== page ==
We will miss the special talents and insights, but we hope not ongoing contributions, of all whose terms in SIAM office ended in 2009: board members Suzanne Lenhart and Anna Tsao; past president Cleve Moler and vice president at large David Keyes, both of whom were also ex officio members of the council; Ilse Ipsen and Tim Kelley, vice president for programs and publications, respectively, each also an ex officio member of the council; and council members Michael Heath and Alison Ramage.

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A note about extra-SIAM activities of two active SIAM members. Fred Roberts, longtime director of DIMACS, the Center for Discrete Mathematics and Theoretical Computer Science at Rutgers University, wrote to remind us that DIMACS recently celebrated its 20th birthday. As it happens, he is a co-author of a story, beginning on the first page of this issue, about an activity in Africa in which DIMACS---much evolved since its creation in 1989---plays a key role. Also on that page is a hard-to-miss photo from the installation of Tony Chan as president of Hong Kong University of Science and Technology. A prominent member of the SIAM imaging sciences community and a former member of the SIAM Board of Trustees, Chan became assistant director of the Mathematical and Physical Sciences Directorate at the National Science Foundation in 2006; he left that position last year to assume the HKUST presidency.

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An ad hoc committee created to assess the funding of SIAM prizes reported to the board in December. At issue is a viable healthy prize program for SIAM. We have a large and active prize program, although some prize awards have not kept up with inflation. The Wilkinson Prize in Numerical Analysis and Scientific Computing is one example. The cash award of $1000 seemed generous enough in 1979, when the prize was created, that additional travel expenses did not need to be provided; the cash award is still $1000, but SIAM now covers reasonable travel expenses. The board is considering ways to adjust awards carried by other prizes as well.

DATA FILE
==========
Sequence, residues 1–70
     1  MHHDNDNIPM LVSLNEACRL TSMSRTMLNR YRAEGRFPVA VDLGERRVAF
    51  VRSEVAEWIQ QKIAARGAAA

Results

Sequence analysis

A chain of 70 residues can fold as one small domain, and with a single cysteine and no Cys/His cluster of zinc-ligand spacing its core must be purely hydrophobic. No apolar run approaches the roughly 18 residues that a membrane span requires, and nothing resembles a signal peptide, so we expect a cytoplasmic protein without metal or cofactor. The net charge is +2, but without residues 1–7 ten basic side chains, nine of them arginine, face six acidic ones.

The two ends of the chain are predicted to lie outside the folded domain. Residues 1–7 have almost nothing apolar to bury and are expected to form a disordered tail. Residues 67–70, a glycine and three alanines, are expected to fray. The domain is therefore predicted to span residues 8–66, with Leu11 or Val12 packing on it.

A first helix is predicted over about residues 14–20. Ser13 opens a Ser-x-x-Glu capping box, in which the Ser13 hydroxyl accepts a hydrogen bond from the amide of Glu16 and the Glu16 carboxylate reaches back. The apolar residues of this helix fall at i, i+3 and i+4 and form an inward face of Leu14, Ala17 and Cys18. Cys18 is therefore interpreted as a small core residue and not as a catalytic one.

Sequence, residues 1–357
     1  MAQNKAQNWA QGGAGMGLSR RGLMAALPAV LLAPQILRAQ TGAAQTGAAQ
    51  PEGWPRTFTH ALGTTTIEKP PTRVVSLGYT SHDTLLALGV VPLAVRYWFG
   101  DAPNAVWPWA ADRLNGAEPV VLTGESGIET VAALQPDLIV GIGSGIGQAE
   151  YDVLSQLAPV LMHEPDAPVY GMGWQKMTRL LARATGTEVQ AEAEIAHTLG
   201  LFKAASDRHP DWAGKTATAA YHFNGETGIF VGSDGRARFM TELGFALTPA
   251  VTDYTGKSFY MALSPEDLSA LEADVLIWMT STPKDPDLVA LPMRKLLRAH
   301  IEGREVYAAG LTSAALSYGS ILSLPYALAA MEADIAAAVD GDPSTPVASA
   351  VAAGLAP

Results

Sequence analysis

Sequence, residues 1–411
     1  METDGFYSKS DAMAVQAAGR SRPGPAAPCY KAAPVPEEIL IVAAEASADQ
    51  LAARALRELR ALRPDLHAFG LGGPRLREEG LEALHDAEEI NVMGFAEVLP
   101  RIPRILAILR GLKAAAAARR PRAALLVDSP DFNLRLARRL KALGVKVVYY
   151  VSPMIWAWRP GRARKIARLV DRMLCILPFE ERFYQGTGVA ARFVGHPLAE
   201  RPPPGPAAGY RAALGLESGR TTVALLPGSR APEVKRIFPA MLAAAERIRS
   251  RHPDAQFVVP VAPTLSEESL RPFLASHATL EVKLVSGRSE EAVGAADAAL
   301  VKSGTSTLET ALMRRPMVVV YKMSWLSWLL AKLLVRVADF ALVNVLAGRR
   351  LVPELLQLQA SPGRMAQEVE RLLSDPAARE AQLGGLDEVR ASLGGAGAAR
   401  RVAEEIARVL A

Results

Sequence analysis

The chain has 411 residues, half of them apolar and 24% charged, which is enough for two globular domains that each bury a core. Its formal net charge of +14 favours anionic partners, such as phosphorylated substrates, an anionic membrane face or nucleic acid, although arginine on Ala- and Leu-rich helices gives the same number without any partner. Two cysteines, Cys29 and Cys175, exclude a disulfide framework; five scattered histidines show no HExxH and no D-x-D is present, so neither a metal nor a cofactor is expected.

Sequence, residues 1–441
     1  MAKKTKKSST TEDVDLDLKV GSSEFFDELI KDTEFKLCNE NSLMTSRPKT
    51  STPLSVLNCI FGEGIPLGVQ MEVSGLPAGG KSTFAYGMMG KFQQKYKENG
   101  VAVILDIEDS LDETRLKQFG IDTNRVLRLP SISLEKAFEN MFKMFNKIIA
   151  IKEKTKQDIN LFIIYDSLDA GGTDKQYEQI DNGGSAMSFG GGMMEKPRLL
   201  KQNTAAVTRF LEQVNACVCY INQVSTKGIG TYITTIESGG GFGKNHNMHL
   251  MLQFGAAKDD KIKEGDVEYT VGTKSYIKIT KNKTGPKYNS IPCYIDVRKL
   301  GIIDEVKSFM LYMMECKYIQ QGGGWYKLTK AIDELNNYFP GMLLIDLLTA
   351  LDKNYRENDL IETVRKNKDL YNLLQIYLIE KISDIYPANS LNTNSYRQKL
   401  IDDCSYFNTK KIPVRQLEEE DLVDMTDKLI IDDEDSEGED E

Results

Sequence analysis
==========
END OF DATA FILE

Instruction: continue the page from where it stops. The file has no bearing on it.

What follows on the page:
On the subject of prizes, a highlight of the Annual Meeting is the John von Neumann Lecture, which has a very distinguished history (http://www.siam.org/prizes/sponsored/vonneumann.php). One of the early (1971) and very well known von Neumann lecturers, the mathematical economist Paul Samuelson, passed away on December 13. His paper on the lecture, titled "Mathematics of Speculative Price," appeared in SIAM Review in January 1973 (with an appendix by Robert Merton on Black–Scholes warrant pricing).

As mentioned earlier, the 2010 SIAM Annual Meeting will be held this summer in Pittsburgh, where a highlight will be the John von Neumann Lecture by Bernd Sturmfels of the University of California, Berkeley. To the best of my knowledge, Sturmfels is the first algebraic geometer to receive this prestigious prize (the prize committee cites his "outstanding and distinguished contributions to the field of applied mathematical sciences").

Organized by Nick Trefethen and Barbara Keyfitz, the entire 2010 Annual Meeting program promises to be outstanding; the list of invited speakers is posted at http://www.siam.org/meetings/an10/index.php. The SIAM Activity Group on the Life Sciences will hold its biennial conference in parallel with the SIAM Annual Meeting; it too has a diverse and appealing program (see http://www.siam.org/meetings/ls10/index.php).